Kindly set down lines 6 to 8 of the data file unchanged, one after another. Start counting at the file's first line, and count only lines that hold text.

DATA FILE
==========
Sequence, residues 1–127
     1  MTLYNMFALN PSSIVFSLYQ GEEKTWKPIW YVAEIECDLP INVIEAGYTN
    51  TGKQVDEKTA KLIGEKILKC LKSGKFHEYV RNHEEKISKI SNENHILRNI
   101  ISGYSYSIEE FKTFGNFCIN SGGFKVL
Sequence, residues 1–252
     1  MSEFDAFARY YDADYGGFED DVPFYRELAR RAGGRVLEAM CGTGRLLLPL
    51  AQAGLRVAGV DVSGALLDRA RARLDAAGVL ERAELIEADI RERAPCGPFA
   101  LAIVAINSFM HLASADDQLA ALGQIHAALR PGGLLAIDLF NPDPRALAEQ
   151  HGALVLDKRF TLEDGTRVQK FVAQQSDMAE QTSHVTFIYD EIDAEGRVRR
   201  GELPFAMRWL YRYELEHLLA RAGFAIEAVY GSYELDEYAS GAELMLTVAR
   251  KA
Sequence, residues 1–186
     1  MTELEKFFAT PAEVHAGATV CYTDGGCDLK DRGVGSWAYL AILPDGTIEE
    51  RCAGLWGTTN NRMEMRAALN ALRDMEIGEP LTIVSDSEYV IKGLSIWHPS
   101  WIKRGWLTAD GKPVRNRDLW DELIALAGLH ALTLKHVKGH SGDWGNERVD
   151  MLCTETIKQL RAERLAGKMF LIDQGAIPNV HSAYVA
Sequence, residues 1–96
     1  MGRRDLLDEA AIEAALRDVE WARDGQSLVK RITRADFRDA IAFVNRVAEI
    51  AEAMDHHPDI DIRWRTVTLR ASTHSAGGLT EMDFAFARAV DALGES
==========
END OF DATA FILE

     1  MSEFDAFARY YDADYGGFED DVPFYRELAR RAGGRVLEAM CGTGRLLLPL
    51  AQAGLRVAGV DVSGALLDRA RARLDAAGVL ERAELIEADI RERAPCGPFA
   101  LAIVAINSFM HLASADDQLA ALGQIHAALR PGGLLAIDLF NPDPRALAEQ